, whose company Blue Origin is quietly developing a wide range of , unveiled details of a new heavy-lift rocket Monday, a towering booster named after astronaut John Glenn that the Amazon founder says will be able to deliver crews and cargoes to low-Earth orbit and beyond.
A two-stage version of the New Glenn booster will stand 270 feet tall, have a diameter of 23 feet and will generate 3.85 million pounds of thrust at liftoff using seven company-developed BE-4 engines burning liquefied natural gas and liquid oxygen. The second stage will be powered by a single BE-4 optimized for use in vacuum.
A three-stage variant will stand 313 feet tall, using a single BE-4 for the second stage and a single hydrogen-powered BE-3 engine in its third stage. The BE-3 already is in use with Blue Origin’s sub-orbital New Shepard rocket, designed to carry tourists, researchers and small payloads to the edge of space and back from a launch site in Texas.
The BE-4 at the heart of the New Glenn rocket is the leading candidate for powering the first stage of United Launch Alliance’s new Vulcan booster, which ULA is developing to replace the company’s workhorse Atlas and Delta rockets. Tory Bruno, ULA’s CEO, told CBS News last week that initial test firings of the BE-4 are expected before or just after the end of the year.
Like the New Shepard rocket, the New Glenn will feature a reusable first stage that will fly itself to touchdown on an off-shore barge or on a landing pad near the launch site. SpaceX already has successfully demonstrated both milestones using its Falcon 9 orbital rockets.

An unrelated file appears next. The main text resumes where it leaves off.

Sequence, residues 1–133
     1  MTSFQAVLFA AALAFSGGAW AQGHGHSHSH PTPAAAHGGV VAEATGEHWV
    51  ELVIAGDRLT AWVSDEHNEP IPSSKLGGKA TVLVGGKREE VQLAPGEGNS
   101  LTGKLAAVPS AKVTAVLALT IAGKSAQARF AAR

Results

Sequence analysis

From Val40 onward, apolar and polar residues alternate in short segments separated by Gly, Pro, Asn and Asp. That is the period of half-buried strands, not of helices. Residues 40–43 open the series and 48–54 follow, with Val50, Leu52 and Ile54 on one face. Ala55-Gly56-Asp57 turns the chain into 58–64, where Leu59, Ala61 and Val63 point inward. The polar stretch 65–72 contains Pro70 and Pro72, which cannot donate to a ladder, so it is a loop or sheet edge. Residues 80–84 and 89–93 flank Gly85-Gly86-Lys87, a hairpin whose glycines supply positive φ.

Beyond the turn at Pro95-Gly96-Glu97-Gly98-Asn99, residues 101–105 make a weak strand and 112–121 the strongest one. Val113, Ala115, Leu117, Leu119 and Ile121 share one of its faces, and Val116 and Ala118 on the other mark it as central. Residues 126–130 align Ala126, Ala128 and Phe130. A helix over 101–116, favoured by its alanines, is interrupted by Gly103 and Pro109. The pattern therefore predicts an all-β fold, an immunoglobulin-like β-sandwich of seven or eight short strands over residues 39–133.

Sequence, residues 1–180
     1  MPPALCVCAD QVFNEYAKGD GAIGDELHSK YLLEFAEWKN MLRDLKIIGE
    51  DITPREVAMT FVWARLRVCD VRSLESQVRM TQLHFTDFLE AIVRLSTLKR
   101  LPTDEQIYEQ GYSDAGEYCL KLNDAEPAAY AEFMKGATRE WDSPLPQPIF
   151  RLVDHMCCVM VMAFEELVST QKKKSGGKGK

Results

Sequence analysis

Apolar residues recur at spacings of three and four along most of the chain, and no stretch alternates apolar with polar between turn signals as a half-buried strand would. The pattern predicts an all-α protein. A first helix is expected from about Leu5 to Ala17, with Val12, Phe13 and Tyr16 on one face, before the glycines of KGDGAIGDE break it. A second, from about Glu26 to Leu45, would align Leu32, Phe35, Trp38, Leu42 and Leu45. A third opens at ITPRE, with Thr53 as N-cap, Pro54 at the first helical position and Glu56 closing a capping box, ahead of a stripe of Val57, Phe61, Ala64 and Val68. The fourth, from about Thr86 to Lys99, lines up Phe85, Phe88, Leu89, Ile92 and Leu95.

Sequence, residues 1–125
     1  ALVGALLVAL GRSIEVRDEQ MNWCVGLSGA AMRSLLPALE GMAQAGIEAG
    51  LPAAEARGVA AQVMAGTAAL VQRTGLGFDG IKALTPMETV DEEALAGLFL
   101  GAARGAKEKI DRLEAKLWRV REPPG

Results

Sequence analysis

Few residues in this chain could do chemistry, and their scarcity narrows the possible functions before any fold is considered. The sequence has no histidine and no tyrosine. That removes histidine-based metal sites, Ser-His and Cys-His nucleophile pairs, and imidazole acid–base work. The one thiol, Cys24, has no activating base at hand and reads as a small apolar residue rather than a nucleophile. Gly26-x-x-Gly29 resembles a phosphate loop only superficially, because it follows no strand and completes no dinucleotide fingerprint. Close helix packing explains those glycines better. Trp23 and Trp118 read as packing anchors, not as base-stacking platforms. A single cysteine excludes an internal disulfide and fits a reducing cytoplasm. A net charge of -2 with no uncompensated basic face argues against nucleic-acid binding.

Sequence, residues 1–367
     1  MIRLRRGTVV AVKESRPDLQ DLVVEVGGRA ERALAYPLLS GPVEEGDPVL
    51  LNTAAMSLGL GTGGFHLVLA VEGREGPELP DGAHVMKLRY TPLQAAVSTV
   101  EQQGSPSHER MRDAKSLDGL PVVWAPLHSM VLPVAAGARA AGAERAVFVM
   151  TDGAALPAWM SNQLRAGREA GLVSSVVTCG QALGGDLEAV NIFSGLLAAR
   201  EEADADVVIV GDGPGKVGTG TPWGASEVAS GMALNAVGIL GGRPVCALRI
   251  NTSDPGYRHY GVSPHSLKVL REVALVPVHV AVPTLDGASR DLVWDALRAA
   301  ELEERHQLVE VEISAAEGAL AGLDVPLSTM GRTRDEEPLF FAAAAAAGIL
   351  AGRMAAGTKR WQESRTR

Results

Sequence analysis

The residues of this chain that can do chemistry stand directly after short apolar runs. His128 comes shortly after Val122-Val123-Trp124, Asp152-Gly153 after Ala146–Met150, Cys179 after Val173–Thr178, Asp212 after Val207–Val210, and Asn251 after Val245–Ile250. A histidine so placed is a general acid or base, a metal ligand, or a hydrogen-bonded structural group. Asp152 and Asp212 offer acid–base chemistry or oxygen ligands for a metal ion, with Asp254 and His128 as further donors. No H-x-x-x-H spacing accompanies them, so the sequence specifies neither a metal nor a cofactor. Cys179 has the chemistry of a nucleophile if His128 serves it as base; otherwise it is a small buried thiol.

Unlike SpaceX, which builds its rockets at a factory in Hawthorne, Calif., Blue Origin’s new boosters will be built at a sprawling new plant now under construction just outside the Kennedy Space Center. Blue Origin is leasing a retired launch pad at the nearby Cape Canaveral Air Force Station to test its engines and launch its rockets.
“We plan to fly New Glenn for the first time before the end of this decade from historic Launch Complex 36 at Cape Canaveral, Florida,” Bezos said in a morning email sent to Blue Origin subscribers. “New Glenn is designed to launch commercial satellites and to fly humans into space. The 3-stage variant - with its high specific impulse hydrogen upper stage - is capable of flying demanding beyond-LEO (low-Earth orbit) missions.”